Turkey blocks some cooperation with NATO partners as EU row escalates
Turkey has blocked some military training and other work with NATO "partner countries" in an apparent escalation of a diplomatic dispute with EU states, officials and sources said on Wednesday.
Turkey was not immediately available to comment, but sources said it had blocked NATO's 2017 rolling programme of cooperation with non-EU countries, including political events, civilian projects and military training.
Turkey is angry at several western European countries for stopping it holding political rallies to promote an April 16 referendum granting President Tayyip Erdogan sweeping new powers.
Erdogan has compared Germany and the Netherlands to fascists and Nazis, but as fellow NATO members, Turkey is unable to block cooperation with them. A NATO official said Turkey's action was ostensibly aimed at Austria, which is not a member of the alliance but is a partner country.
"We regret the current situation and the impact it is having on all of our cooperation programmes with partners," the official said. "We count on our ally Turkey and our partner Austria to solve their bilateral issue swiftly."
Austria, last year led calls for the European Union to end Turkey's EU accession talks, criticising its response to a failed coup when it jailed tens of thousands of people. Turkish referendum rallies have been cancelled in Austria.
Austria's defence ministry confirmed the Turkish block. A spokesman said there was no immediate effect on ongoing missions, but could cause problems in the longer term "for example for the preparation of missions in Kosovo, because there are joint training programmes."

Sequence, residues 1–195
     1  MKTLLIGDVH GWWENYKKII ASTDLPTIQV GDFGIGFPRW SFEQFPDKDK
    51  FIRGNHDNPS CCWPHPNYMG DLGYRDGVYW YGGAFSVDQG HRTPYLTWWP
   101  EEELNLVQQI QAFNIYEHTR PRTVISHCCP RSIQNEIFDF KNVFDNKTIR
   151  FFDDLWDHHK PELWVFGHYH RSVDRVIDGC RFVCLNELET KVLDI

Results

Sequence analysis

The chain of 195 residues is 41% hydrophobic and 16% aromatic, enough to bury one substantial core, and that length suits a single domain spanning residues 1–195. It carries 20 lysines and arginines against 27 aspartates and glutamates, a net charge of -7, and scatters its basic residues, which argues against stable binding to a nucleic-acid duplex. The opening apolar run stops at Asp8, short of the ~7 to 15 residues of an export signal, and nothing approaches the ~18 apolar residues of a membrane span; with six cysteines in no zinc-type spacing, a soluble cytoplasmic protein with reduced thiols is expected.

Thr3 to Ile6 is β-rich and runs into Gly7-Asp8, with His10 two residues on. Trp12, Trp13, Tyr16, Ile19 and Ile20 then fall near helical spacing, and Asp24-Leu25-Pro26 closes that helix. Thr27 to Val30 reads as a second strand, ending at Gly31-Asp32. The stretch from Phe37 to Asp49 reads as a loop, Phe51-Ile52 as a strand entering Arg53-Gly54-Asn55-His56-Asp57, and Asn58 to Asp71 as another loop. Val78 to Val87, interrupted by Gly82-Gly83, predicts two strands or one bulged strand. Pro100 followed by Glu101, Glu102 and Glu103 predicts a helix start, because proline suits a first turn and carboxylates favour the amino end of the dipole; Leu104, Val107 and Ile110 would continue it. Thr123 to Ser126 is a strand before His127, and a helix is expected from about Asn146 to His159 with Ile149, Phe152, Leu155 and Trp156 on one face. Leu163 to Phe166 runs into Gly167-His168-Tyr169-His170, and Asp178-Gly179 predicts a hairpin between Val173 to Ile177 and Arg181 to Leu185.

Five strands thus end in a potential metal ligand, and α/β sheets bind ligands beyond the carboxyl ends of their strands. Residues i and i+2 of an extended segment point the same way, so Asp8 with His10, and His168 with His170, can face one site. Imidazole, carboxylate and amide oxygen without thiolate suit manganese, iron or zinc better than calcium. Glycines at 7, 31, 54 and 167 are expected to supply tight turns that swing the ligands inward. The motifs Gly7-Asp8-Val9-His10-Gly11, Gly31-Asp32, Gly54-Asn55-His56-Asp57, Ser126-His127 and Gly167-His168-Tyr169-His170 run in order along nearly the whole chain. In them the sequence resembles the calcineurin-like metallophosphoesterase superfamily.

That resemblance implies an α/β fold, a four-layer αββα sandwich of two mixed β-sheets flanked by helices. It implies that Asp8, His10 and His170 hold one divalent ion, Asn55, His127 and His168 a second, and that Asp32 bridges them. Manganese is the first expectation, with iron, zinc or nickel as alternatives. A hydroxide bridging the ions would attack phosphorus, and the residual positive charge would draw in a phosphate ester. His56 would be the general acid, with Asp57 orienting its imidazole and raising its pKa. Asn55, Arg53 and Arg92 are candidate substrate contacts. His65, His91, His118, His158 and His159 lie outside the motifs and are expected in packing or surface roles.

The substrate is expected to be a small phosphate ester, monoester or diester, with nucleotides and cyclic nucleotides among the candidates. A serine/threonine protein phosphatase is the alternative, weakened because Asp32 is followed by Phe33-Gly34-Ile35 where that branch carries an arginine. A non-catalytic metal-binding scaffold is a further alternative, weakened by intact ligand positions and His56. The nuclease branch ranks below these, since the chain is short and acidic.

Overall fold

Another NATO official said some events had already been cancelled.
"We hope maybe some will still take place at a later time," he said. "The problem is a political one. We hope the situation will calm down after the referendum."
Turkey's action potentially affects all 22 NATO partner states, including Sweden and Georgia, some of which contribute troops to NATO missions in places such as Afghanistan and Kosovo.
A senior diplomat from another non-NATO state said: "The longer this continues, the bigger the volume becomes of cancelled and postponed activities between NATO allies and partners and the more problematic all this becomes."
"This concerns some education events, training, military exercises, so that will make practical cooperation more and more difficult in time. The interoperability of NATO allies and partner countries will suffer."